The Maine Health Access Foundation (MeHAF) announced today that it has awarded $600,000 to eight organizations around the state that exemplify community-driven efforts to improve health for communities that face disproportionate barriers to health and wellbeing. These nonprofit organizations work to improve health access and health status for communities facing health inequities based on factors including race, ethnicity, language, sexual orientation, gender identity, disability status, or homelessness. Each organization has primary leadership from among the people it serves.
The program will pair three-year unrestricted operating support grants with targeted technical assistance provided both in group and one-on-one settings. Technical assistance will focus on supporting the stability, effectiveness, and overall organizational capacity of under-resourced organizations and communities.
“Research consistently shows unequal health outcomes based on factors like race, sexual orientation, gender identity, disability status, and homelessness, to name a few,” said Barbara Leonard, MeHAF’s President and CEO. “We believe that improving health requires addressing structural problems in our society, including by investing in the leadership of communities and groups most affected.”
“We’re very excited to begin a three-year partnership with these eight outstanding organizations,” said MeHAF Program Officer, Jake Grindle. “We expect that they will help us shape our understanding and commitment to achieving health equity in Maine and we hope to be a resource in their efforts to build even stronger, more impactful organizations.”
In 2016, the MeHAF Board of Trustees and Community Advisory Committee (CAC) deepened the foundation’s commitment to health equity. To this end, the foundation recently adopted a set of recommendations for changes in MeHAF’s programs and operations. These recommendations emphasize the importance of investing in organizations that are led by members of under-resourced communities, and doing so in a way that builds the capacity of such organizations.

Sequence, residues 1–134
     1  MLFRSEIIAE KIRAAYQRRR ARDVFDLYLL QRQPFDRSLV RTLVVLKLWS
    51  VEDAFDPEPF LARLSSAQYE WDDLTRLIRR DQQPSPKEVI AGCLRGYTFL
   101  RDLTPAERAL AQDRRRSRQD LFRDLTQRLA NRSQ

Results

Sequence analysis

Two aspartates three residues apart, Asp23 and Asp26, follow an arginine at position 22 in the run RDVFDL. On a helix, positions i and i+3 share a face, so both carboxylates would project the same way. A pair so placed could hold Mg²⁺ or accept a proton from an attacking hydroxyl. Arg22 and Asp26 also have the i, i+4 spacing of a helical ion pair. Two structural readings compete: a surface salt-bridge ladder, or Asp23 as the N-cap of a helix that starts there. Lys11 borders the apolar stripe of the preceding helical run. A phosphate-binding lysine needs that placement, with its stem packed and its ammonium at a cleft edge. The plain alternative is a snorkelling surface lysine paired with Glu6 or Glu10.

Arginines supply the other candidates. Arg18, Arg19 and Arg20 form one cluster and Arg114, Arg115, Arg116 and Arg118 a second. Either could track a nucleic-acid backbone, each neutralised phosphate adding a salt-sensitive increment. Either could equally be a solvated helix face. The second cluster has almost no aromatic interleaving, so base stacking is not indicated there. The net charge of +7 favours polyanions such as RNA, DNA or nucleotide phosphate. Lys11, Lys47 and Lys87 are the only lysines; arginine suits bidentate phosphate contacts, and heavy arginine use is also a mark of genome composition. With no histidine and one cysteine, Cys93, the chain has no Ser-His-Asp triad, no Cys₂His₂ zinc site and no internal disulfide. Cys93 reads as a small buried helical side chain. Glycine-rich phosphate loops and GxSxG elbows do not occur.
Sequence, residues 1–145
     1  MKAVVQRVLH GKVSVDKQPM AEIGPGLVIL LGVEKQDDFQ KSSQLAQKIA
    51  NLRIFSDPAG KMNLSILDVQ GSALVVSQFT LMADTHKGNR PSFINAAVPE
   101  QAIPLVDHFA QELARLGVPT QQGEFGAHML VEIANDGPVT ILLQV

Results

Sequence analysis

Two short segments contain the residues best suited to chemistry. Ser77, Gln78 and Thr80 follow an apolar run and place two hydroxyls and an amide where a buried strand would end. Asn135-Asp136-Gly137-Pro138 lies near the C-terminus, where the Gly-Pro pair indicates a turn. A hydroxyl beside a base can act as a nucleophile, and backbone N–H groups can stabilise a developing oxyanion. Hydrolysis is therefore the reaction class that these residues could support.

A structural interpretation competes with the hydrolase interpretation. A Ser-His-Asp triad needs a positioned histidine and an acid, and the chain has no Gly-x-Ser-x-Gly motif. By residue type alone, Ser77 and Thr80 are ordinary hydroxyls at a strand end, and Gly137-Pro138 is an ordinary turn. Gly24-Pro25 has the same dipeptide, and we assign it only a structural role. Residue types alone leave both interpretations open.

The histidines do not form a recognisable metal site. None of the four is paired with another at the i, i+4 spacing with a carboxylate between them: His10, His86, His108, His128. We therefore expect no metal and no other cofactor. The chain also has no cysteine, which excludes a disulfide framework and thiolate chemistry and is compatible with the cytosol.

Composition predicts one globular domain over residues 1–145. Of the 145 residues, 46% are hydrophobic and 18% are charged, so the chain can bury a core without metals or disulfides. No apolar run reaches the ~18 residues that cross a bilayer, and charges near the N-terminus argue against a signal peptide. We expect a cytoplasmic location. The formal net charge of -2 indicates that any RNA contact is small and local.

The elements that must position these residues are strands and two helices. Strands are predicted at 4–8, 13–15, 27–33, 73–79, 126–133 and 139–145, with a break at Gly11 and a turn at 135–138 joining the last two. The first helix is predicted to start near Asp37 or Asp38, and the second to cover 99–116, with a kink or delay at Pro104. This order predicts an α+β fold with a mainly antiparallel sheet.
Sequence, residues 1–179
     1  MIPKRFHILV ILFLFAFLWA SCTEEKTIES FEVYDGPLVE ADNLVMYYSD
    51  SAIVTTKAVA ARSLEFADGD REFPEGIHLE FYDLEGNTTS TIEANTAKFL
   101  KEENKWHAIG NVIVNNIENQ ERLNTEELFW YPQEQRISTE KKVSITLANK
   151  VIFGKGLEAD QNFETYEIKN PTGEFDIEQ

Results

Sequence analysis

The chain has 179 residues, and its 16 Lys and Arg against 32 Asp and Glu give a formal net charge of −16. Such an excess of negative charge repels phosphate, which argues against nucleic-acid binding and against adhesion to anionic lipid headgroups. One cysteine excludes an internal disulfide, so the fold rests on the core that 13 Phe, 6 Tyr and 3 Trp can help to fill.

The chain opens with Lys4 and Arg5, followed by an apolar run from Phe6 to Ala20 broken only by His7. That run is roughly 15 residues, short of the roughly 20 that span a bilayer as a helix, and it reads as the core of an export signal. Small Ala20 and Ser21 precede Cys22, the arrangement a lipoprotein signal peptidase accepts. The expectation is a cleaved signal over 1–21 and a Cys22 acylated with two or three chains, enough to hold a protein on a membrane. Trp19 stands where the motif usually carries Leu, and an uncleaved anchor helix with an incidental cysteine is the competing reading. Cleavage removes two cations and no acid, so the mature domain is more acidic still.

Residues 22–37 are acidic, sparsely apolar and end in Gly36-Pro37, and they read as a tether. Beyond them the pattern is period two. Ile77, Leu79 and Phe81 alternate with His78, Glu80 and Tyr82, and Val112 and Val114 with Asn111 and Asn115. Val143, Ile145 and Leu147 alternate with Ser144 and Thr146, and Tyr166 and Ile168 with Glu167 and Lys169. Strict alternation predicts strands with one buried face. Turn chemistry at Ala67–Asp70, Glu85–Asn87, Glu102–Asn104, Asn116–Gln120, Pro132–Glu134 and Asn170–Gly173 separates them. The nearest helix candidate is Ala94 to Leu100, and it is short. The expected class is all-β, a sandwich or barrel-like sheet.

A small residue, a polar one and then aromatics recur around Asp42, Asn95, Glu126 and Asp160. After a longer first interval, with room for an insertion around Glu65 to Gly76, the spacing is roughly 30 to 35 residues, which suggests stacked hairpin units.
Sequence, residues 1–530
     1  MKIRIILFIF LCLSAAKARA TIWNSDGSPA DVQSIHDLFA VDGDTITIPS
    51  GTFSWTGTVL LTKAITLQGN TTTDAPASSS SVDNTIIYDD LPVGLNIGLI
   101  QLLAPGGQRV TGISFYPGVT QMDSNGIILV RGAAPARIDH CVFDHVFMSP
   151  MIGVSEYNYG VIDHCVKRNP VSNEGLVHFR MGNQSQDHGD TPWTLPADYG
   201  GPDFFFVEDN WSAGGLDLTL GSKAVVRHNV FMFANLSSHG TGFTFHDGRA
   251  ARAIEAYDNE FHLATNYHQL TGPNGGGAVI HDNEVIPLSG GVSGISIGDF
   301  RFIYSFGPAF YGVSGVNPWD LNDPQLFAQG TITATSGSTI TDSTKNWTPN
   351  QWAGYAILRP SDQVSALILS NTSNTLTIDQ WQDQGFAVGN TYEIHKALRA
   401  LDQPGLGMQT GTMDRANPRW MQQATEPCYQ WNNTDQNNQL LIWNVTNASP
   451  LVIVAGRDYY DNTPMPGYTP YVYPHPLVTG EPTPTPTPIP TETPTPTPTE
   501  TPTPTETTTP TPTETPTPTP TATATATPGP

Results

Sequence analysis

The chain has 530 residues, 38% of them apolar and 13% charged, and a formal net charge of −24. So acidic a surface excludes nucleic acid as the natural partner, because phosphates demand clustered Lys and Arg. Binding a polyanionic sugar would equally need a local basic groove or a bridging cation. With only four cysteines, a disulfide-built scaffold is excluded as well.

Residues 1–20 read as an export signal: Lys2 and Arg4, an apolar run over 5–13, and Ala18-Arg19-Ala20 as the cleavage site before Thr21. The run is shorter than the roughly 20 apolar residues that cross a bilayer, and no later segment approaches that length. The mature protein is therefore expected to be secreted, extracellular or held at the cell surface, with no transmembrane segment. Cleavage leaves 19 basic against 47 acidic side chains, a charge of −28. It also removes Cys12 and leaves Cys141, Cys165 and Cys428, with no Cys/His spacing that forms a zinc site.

“So many people we know who are underinsured are suffering unnecessarily due to lack of access to medical care, treatment and recovery resources, and we are eager to seize this opportunity as a way to create pathways to these resources and equity for those who are currently marginalized,” said Brian Townsend, Executive Director of Amistad Inc, one of the eight grant recipients.
"Health care equality builds strong roots for immigrant women and families to thrive,” said Claudette Ndayininahaze and Abusana Micky Bondo, co-founders of In Her Presence, one of the eight newly announced grant recipients. “This grant will help us to support our vision for true equality for all.”
MeHAF Health Equity Capacity-Building Grantees with local contact information
Amistad, Inc.: Brian Townsend, email@example.com, 207-773-1956
In Her Presence: Claudette Ndayininahaze, firstname.lastname@example.org, 207-347-9891
Maine Access Immigrant Network: Sarah Lewis, email@example.com, 207-331-6135
Maine Transgender Network, Inc.: Quinn Gormley, firstname.lastname@example.org, 207-832-1719
Mano en Mano/Hand in Hand: Ian Yaffe, email@example.com, 207-546-3006
New Mainers Public Health Initiative: Abdulkerim Said, firstname.lastname@example.org, 207-241-0546
Portland Outright: Osgood, email@example.com, 207-558-2429
Wabanaki Health and Wellness: Sharon Tomah, firstname.lastname@example.org, 207-992-0411
Jake Grindle, Program Officer, Maine Health Access Foundation
(207) 620-8266 x 107| email@example.com
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